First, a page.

Except for those of us who take off our shoes and dance through the puddles anyway. 



I and my fellow graduates-to-be find ourselves in a frightening state of transition. Well, at least to me it’s frightening—perhaps I’m the only one.

It seems like everyone I talk to—those of a mentoring age—has fantastic ideas of what I should do with my life after graduation. One told me to go abroad and get a PhD and a ton of other degrees and come back to UU and teach. In fact, everyone I talk to thinks I should teach. I really have no inkling why they think this is a good idea.

I had other friends encourage me to get a grad degree in theater arts. That’s great folks. I’m flattered. I love theater, but theater is not my oxygen. And unless theater is the thing you live and breathe, you shouldn’t get a degree in it.

Why is no one advising me to write? I’ve spent four years trying to become the best writer possible, but so far only my mother and closest friends have told me to shoot for publication. Which I still want to do, by the way. With all my heart.

It seems like everyone wants me to do everything but become the one thing I’ve dreamed of being since I was ten: a writer. In conversation, I still feel like my peers and my mentors consider my dream to be nothing more than a tangential element of my life—a side job—and eccentric hobby. “What do you want to do?” “Write things.” “Yeah, but what do you really want to do?”

Thank goodness I’m not too easily swayed by people’s opinions.

The really frightening thing is…I’m leaving a chapter behind. It’s the last page of a really long chapter. Not to say I won’t be happy to graduate, but leaving undergrad behind means leaving Neverland. I’m Wendy, I know I have to leave and I know why—but that doesn’t make it any easier.

I decided when I was five that I never wanted to grow up, but time and biology say otherwise.

So what do I want to do? you ask.

What I want seems irrelevant. But the desire of my heart—and those who follow God know Who plants desires—is to travel wherever, give the Gospel wherever, and write. Write because I have to. Write because I can’t stop.

I’m getting there. A little closer every day.

Work the transitions. Even those are profitable. 

What Got Done: Things


Novel concept, that things should get done on Saturdays. What do you know?

Recently, my saturdays have been full of things. Fun things. Spiritually profitable things. Social things. Odd things. But lots of things that involve driving to places and talking to people. Which are two things that, frankly, I’d rather not do much of on a Saturday.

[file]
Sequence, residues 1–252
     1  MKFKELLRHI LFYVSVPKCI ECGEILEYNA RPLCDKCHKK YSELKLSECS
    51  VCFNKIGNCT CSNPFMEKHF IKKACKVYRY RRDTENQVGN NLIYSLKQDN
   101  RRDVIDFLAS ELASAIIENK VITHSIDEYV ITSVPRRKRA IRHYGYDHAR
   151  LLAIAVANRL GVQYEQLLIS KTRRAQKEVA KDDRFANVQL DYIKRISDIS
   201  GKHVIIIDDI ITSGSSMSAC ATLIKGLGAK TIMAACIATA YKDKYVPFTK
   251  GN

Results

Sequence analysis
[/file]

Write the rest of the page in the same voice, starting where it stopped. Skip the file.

Depends on the company. 

But today, not so much. Today I got up and did homework and drank coffee. Then I ran an errand or two. Then I ate lunch, did more homework, sang for an hour and a half, went to work and put books on shelves. Then came back and did more homework. 

I’m much better prepared for the week than I’ve been in a while. Or at least better prepared for Monday. 

Fancy that. 

After a week of being oversocialized (read: 2,000 extra people on campus, all of which I had to be friendly towards), it was nice not to open my mouth for hours and hours. My batteries are fully recharged. And I am content. 

It’s the little things. 

“What is ‘This’?”



This is not a rose

Blushing once in bloom,

In a moment red to brown

And cankered, root and stem.


Nor is this a flame

Burning bud and branch,

Consuming and consuming,

Producing only ash.


Yet this is not a stone

Indifferent to the wind

Or fanfare of sunrise or set,

Eroding into sand.


No. This is a tree—

Its core a growing green—

That weathers every winter

And blossoms every spring.




In case you were wondering….

…which you probably weren’t, but still…

This has been a very, very stressful week. I’ve been going to bed late and getting up early every morning. And there are 2,000 guests on campus, four of which are sharing my shoebox  dorm room with me this week. 

Which is why the posts have been so short. 

That’s why. 

I’ve been writing so much that my wrists hurt, but not on the blog. I’m terribly sorry, but that’s just the way it will be until…tomorrow. Yes. Probably tomorrow.